If you need to stop a Property Tax foreclosure Bankruptcy may be your best option.  When you don’t pay property taxes, investors purchase the property taxes and then foreclose. Often debt collection attorneys will purchase tax liens by setting up a company that purchases the property tax lien. Then they charge 250 per hour for attorney fees or more when the company forecloses. In effect, they buy the tax debt, earn 12% interest plus thousands more in attorney fees and costs when they file the foreclosure

If you fall behind in the insurance or property taxes, the lender will often pay the property taxes for you. However, taxes and forced placed insurance are repaid at a higher rate than you may have normally paid. Being behind on taxes or insurance may place you in default or foreclosure from the mortgage company. It is often a part of the note, not paying the insurance or taxes is a default which can trigger foreclosure. Even if you are current on the mortgage payments, the mortgage company can foreclose for nonpayment of the taxes and insurance.

The county can also foreclose on a tax debt. But it normally takes years before enough taxes pile up for the county to foreclose. Instead, these debts are normally bought up by investors and the mortgage company because they can make money from it.

How to solve property tax foreclosures Chapter 7 or 13

Your budget has to include property taxes and insurance for your home. If you forget to budget for this, you have to fix the problem. If you simply need to get rid of unsecured debts which prevent you from paying taxes on time a Chapter 7 can free up cash. By improving your cash flow, you can apply money to the property taxes and pay it off.   Sometimes a simple Chapter 7 is enough. But remember in a Chapter 7 you are limited in the amount of equity you can keep in a home. Chapter 7 also avoids a tax and a deficiency debt.

Bankruptcy may be your only option when you are facing an immediate property tax foreclosure.  Chapter 13 may be required to stop the sale. Chapter 13 can give you up to five years to pay off the taxes. A Chapter 7 will delay the sale for about 4-6 months.  Chapter 13 payments may be very low, but your budget must include paying these taxes, or you will eventually go back into another foreclosure for the same reason.   Paying back taxes in a 13 requires you pay the interest during what is often a five-year plan. A Chapter 13 gives you time but not if you return to not paying the property taxes.

Property Taxes are statutory taxes

Because property taxes are statutory taxes, you can’t strip or discharge the tax in bankruptcy. You can only repay property taxes whether they are owned by the county, mortgage company or an investor.   Property tax liens attach to the home or real property just like a super first mortgage which must be paid even before the first mortgage is paid.   Tax liens place the mortgage company at risk if these taxes pile up.   Property taxes are also paid before judgment liens are paid in a foreclosure.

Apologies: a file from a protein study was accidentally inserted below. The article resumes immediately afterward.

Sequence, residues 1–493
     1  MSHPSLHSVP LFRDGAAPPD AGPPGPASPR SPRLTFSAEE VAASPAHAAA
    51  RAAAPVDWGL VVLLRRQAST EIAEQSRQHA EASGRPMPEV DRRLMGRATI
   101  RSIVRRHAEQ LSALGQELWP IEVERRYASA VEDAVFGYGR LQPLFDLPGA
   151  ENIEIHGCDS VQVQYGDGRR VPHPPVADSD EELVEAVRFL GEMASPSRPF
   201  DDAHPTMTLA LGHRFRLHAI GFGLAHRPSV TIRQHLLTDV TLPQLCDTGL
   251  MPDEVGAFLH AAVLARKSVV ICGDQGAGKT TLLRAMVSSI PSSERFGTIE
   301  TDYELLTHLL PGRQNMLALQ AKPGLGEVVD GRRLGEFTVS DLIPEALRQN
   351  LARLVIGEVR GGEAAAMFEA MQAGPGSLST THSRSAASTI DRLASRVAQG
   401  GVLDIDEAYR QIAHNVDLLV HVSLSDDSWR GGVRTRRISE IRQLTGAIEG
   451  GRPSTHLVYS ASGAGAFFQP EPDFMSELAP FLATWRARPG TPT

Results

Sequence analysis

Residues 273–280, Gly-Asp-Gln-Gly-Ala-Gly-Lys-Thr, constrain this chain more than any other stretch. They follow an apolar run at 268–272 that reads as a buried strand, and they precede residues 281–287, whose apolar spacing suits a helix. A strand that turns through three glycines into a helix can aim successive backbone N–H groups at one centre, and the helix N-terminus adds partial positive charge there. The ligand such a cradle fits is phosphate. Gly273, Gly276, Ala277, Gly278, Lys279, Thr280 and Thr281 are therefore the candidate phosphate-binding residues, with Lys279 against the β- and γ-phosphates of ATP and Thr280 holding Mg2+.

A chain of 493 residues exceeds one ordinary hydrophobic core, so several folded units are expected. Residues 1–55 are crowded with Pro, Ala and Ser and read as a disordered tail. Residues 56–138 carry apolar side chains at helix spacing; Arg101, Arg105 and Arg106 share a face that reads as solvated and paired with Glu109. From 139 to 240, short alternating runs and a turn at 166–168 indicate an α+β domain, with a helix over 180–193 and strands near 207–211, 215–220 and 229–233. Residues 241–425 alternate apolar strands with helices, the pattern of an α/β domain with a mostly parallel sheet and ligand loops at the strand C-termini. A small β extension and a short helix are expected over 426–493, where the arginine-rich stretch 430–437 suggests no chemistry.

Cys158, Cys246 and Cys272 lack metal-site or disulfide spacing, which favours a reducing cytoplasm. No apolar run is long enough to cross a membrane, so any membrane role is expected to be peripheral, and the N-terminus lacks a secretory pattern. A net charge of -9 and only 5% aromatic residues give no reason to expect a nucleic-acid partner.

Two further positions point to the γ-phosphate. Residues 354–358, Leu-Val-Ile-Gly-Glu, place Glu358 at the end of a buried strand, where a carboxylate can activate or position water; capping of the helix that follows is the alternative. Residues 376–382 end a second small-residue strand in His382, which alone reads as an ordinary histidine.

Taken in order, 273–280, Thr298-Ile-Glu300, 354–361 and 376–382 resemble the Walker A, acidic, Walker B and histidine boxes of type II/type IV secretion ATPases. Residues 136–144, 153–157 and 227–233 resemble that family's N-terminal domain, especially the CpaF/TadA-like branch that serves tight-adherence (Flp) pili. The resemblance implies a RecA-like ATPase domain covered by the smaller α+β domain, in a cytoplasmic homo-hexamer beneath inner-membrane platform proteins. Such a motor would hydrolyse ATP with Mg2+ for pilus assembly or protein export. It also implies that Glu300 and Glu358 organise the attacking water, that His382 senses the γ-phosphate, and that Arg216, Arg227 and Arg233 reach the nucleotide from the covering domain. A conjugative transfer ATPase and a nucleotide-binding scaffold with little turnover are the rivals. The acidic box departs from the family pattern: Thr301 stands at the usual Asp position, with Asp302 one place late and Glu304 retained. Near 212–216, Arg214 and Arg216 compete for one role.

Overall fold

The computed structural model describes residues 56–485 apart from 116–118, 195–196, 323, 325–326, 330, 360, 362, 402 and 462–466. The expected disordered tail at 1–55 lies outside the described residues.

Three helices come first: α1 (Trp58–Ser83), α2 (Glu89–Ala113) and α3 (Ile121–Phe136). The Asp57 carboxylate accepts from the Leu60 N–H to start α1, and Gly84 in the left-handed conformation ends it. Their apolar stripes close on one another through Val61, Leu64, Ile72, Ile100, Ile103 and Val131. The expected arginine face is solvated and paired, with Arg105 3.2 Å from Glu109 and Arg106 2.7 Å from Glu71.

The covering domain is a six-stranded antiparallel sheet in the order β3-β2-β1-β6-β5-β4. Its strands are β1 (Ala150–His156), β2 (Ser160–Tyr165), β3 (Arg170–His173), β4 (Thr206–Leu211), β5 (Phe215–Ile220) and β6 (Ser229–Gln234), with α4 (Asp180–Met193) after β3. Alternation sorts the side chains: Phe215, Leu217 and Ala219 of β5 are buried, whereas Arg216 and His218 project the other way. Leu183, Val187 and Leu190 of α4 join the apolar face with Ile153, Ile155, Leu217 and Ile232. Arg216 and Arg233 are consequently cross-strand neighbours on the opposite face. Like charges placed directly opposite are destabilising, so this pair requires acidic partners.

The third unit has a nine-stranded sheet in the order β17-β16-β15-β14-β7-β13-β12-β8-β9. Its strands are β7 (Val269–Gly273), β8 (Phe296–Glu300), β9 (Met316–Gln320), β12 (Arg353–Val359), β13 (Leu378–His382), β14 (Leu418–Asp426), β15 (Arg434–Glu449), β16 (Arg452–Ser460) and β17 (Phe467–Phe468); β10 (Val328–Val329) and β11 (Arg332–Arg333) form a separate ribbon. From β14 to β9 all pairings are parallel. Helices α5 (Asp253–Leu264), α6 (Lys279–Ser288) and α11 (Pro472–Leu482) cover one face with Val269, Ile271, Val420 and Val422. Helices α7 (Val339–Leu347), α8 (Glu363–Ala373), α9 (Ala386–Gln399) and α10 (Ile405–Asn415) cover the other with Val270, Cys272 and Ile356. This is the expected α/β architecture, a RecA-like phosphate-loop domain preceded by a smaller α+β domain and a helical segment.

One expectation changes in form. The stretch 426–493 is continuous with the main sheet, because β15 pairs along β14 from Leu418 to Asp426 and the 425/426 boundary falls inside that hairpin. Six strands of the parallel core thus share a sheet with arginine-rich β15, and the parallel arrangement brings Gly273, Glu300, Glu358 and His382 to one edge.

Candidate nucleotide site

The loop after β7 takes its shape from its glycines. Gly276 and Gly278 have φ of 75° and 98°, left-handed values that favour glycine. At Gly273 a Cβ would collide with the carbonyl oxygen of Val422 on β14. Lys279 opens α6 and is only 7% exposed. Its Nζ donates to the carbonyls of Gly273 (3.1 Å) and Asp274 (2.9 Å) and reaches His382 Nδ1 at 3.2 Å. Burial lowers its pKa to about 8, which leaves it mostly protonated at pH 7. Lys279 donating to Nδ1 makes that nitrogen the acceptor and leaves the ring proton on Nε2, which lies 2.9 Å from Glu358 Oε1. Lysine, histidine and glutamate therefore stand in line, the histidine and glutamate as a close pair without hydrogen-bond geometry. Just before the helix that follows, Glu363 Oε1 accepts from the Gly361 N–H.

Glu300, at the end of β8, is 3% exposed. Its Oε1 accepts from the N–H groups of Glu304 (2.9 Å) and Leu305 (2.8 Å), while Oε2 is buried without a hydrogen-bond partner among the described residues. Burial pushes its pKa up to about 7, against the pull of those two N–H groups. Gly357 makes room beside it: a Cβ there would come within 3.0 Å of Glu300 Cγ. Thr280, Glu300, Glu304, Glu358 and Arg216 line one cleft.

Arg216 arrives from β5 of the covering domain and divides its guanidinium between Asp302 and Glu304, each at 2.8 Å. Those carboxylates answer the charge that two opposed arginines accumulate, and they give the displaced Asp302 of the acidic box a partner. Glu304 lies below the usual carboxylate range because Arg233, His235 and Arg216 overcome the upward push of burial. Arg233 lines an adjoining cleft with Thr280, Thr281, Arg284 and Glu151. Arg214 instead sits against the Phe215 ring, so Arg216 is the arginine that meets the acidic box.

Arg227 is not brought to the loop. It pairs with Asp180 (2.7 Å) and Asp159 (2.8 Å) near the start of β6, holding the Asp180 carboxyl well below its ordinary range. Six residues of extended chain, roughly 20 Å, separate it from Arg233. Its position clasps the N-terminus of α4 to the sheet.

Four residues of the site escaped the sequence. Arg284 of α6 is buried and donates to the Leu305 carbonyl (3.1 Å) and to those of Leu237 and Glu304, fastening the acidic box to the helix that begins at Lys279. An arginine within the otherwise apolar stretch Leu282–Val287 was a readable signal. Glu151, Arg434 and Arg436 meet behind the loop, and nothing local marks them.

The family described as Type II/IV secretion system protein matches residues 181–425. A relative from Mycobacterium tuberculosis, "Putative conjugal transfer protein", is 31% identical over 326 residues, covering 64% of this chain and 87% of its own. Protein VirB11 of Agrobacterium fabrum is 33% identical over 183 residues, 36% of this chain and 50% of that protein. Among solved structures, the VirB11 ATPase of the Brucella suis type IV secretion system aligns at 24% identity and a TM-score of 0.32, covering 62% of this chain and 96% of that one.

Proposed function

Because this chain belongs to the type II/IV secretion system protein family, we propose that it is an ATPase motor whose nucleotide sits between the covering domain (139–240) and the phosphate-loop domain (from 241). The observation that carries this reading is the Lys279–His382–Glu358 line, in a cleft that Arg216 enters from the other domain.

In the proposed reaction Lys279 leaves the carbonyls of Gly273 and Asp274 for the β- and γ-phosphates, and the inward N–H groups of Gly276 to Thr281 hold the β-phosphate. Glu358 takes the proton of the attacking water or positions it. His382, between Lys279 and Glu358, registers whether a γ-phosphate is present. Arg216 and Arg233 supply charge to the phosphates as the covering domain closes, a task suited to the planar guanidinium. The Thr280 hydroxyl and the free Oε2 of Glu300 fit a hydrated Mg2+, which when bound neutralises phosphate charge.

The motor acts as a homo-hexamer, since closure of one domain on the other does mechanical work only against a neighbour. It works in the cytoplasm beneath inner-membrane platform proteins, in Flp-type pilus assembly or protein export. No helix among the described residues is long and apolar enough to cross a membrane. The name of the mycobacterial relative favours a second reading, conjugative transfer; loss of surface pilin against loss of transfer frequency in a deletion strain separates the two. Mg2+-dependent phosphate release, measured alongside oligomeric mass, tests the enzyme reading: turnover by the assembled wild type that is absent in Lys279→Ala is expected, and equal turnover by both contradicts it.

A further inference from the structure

Property tax liens cannot be avoided or stripped in bankruptcy court. They can only be repaid. But you can repay them over time, and unsecured debts may be paid far less.   For instance, if you have property taxes and a first mortgage, there may be no equity for a second mortgage which may be treated like a credit card and discharged.

Only tax liens and a residential first mortgages are protected in bankruptcy from being stripped or modified. A rental or vacation home can have a first mortgage modified if it is not fully secured.   Chapter 13 gives you the ability to

  1. repay the property tax liens over time
  2. eliminate other debts
  3. sometimes strip a mortgage
  4. protect a comaker

You never lose a home in Chapter 13 to the Trustee

One of the nice things about a Chapter 13 is how you never lose property to the court or a trustee. In a Chapter 13 people may not make the home mortgage payments or plan payments and have a home go back to foreclosure. But they don’t lose a home just because they had too much equity. Instead, if you have too much equity the monthly payment is normally increased, and the plan may become a 100% plan. The plan has to repay secured and priority debts in full. But it also must repay as much as a Chapter 7 would have.

Income taxes less than three years old are priority debts. The payments may be too high if you have substantial property or secured and priority debts. But you are never forced to turn over property in Chapter 13.

An experienced attorney will put together a budget designed to include future property taxes. Even if there are unexpected changes, you can modify the plan. The goal of the plan is to eliminate the unsecured debt, and at the end of the plan you have caught up all of the secured debt. Including the property taxes.

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Nick C. Thompson

Nick used to work for the banks before he went to law school.He was married to the president of the Mortgage Bankers Association and worked in the state tax department as a prosecutor.He was also the assistant county attorney in Bullitt County.
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